Civics Lesson for State Rep on Guns

Printed from:

“It is a privilege that we allow individuals to hold onto something that causes harm and death. It is a privilege to have a car license, it is a privilege to have a gun license.”

—  Massachusetts State Representative Marjorie Decker, Democrat from Cambridge


It takes a civics lesson to become a citizen. Maybe we ought to start requiring one to become a state rep.

We could. It is a privilege to be a state representative. Nobody has a right to it. You have to qualify by whatever rules the state establishes, and then the people have to elect you.

That’s nothing like a right, which is something a person has just by virtue of being an American. A right is something the government can recognize and protect, but not bestow. That’s because a right precedes the government.

Article XVII of the Massachusetts Constitution and the Second Amendment of the U.S. Constitution both recognize the right of people to keep and bear arms, something the Second Amendment says “shall not be infringed.”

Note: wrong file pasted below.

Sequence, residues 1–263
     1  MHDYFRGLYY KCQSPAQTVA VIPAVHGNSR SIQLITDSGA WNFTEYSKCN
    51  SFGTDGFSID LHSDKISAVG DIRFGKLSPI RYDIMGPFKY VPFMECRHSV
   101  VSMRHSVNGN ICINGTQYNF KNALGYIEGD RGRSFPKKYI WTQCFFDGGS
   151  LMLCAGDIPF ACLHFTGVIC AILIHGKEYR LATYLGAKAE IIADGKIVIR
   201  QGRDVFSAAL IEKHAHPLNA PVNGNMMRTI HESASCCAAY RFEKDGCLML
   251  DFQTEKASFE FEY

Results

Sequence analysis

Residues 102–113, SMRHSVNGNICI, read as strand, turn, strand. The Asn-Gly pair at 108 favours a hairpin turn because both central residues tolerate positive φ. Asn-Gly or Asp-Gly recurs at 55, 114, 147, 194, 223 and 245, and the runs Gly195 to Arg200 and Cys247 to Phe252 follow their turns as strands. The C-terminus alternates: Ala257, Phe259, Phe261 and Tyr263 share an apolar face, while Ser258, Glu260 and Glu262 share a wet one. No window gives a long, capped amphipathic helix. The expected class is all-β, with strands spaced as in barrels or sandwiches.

State Representative Marjorie Decker’s claim that having a gun license – which, regrettably, is currently needed to own a gun in Massachusetts – is a privilege as opposed to a right is not only wrong. It’s outrageous.

How does she justify it?

During her testimony Thursday before a committee at the Massachusetts State House, Decker claimed that the state’s gun restrictions are responsible for our relatively low gun fatality rate. But gun control famously doesn’t work. And since about two-thirds of gun deaths in the United States are suicides, it makes more sense to credit the relatively low gun fatality rate in Massachusetts to our relatively low suicide rate.

Yet there’s something even more important than utility at stake here.

Here’s Decker’s philosophy of governing:

“As legislators, I always ask myself, whenever we make any decision about a policy, a rule, a regulation, a budget:  Does this create further harm to our community and our Commonwealth? Or does it actually make us stronger, healthier, and safer, and more vibrant?”

Notice what she didn’t ask:  Does this make us freer? Or less free?

Does Decker care about freedom?

She tiresomely tried to hang recent mass shootings in this country on gun manufacturers, before returning to her gun-ownership-is-not-a-right theme.

“Nobody has the right to own anything that will cause bodily harm and hurt others,” she said.

Nobody is in favor of causing bodily harm and hurting others, under any circumstances. But here’s what Decker’s argument really means:

Nobody has a right to defend himself.